I would like to say that the nurses do not appear to be any further ahead than they were before the election as to what will be offered by this government. Summer is coming and the kids are out of school and it is a time that people are making decisions about their lives and, with all due respect, they do not have time to wait for the government to negotiate with other levels of government. There is a shortage of nurses across Canada and we are concerned about the nursing situation here in the Yukon.

I would like to ask the Minister when the nurses are going to be given information about their wages and sick time and when that will be presented to them in order for them to make decisions?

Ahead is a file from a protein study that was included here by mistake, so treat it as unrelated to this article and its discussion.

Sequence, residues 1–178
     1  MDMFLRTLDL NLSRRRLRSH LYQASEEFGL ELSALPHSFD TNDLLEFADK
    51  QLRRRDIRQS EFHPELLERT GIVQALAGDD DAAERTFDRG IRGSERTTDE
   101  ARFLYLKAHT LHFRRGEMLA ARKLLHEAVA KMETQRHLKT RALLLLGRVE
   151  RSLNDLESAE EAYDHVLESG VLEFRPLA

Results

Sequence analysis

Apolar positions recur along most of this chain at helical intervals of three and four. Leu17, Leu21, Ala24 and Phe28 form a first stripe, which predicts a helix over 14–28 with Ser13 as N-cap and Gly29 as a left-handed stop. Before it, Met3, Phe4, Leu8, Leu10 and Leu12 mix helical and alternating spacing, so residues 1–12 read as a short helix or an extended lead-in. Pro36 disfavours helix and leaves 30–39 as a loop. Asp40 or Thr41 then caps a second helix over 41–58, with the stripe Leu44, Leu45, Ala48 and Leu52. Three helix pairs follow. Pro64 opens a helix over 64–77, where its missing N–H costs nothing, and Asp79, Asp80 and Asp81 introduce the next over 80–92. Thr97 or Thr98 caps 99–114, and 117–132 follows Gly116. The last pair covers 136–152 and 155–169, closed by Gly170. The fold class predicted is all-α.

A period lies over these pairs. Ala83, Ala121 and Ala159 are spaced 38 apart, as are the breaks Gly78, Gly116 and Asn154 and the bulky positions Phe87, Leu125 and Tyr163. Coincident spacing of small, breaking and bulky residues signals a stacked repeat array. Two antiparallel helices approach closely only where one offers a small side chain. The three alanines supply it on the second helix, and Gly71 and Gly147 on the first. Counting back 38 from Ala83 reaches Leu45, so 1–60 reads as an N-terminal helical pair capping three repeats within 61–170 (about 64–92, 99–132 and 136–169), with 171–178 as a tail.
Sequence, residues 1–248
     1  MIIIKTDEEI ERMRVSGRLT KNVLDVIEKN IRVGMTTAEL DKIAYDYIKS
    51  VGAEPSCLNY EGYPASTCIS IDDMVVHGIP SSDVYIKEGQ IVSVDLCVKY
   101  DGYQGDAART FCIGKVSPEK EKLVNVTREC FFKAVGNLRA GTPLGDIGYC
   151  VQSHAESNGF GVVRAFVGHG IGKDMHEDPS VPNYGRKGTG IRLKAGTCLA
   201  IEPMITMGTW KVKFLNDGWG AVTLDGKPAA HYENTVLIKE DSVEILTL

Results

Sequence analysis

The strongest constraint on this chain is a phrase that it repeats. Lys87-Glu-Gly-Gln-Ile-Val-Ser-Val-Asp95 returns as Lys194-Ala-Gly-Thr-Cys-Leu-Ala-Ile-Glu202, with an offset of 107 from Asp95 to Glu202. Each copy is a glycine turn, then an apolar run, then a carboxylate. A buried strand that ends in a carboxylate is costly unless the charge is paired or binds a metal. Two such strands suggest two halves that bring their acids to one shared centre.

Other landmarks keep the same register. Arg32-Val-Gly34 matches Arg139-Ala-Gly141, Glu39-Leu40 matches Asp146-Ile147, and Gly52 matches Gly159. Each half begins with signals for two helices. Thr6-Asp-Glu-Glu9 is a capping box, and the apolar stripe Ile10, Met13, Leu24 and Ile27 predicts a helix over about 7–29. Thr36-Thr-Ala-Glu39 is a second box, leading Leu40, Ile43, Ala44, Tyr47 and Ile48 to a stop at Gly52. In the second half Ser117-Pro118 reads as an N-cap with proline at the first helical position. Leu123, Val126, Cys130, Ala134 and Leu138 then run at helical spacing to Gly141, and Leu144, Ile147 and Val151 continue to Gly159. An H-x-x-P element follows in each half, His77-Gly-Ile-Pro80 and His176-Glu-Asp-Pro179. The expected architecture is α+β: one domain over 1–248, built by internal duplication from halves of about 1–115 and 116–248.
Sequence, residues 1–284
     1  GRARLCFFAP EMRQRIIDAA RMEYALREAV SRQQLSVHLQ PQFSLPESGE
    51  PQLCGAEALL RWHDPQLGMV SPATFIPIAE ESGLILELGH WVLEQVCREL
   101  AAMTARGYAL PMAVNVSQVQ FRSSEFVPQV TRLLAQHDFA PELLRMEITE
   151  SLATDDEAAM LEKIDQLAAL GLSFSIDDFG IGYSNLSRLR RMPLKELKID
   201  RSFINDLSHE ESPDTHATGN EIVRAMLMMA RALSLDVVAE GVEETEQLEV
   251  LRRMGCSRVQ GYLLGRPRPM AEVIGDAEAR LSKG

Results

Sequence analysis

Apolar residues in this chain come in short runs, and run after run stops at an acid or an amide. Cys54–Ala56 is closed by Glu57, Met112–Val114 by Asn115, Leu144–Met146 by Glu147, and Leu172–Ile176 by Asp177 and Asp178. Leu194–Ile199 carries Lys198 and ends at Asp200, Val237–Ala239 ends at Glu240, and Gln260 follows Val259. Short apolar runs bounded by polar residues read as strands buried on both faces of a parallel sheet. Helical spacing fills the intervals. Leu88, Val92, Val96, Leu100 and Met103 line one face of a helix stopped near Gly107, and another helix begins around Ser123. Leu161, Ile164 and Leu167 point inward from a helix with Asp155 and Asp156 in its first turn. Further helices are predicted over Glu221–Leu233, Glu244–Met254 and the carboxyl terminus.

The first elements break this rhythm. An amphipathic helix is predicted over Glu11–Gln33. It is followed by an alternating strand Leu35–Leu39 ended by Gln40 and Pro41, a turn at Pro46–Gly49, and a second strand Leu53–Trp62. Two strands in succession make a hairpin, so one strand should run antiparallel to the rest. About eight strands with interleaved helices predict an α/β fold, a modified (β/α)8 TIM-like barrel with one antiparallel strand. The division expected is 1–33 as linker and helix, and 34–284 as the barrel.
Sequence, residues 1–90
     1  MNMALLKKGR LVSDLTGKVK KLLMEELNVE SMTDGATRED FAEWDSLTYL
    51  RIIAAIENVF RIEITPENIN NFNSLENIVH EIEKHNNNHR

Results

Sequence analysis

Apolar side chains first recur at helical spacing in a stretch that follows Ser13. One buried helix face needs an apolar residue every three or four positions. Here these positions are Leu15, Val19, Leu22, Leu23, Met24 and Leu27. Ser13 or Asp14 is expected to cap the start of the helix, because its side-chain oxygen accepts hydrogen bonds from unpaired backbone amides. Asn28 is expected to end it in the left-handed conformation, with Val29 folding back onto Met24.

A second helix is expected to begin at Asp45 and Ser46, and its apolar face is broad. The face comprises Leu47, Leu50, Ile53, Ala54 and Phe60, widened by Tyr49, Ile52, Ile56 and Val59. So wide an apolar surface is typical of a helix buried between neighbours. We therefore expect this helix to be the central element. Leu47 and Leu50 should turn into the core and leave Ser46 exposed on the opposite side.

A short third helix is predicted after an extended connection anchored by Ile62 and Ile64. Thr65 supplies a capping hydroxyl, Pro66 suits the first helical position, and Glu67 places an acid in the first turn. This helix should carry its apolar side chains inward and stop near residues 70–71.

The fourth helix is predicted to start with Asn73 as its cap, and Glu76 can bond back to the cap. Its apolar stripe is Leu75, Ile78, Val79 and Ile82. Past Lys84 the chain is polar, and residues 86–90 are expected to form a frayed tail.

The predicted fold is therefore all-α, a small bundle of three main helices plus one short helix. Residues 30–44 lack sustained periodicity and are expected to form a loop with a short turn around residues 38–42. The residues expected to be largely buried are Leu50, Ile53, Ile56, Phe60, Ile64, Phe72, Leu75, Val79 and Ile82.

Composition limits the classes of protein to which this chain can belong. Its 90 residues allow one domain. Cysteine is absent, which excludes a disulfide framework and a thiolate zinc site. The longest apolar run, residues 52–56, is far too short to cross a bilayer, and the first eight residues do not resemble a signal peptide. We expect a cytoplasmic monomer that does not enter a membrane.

Hon. Mr. Penikett: I am sure that several of the assertions made by the Member are, in fact, just not supported by the facts. Substantial information has been provided by this government. A commitment was made by this government to meet further with nurses and other health care workers now employed by the federal government, to give them whatever further information they require. Commitments have been made to make sure that by the time that job offers are made as a consequence of a transfer decision, they will have satisfactory information about the kinds of salaries and benefits that they would contemplate under the employ of this government.

Mrs. Firth: I would like to be very specific with the Minister of Health. He talks in generalities, and the nurses want specific answers to their questions as they have to make important decisions. Are the nurses going to know what their wage scale is going to be before they are asked to accept the package the government is going to be offering to them?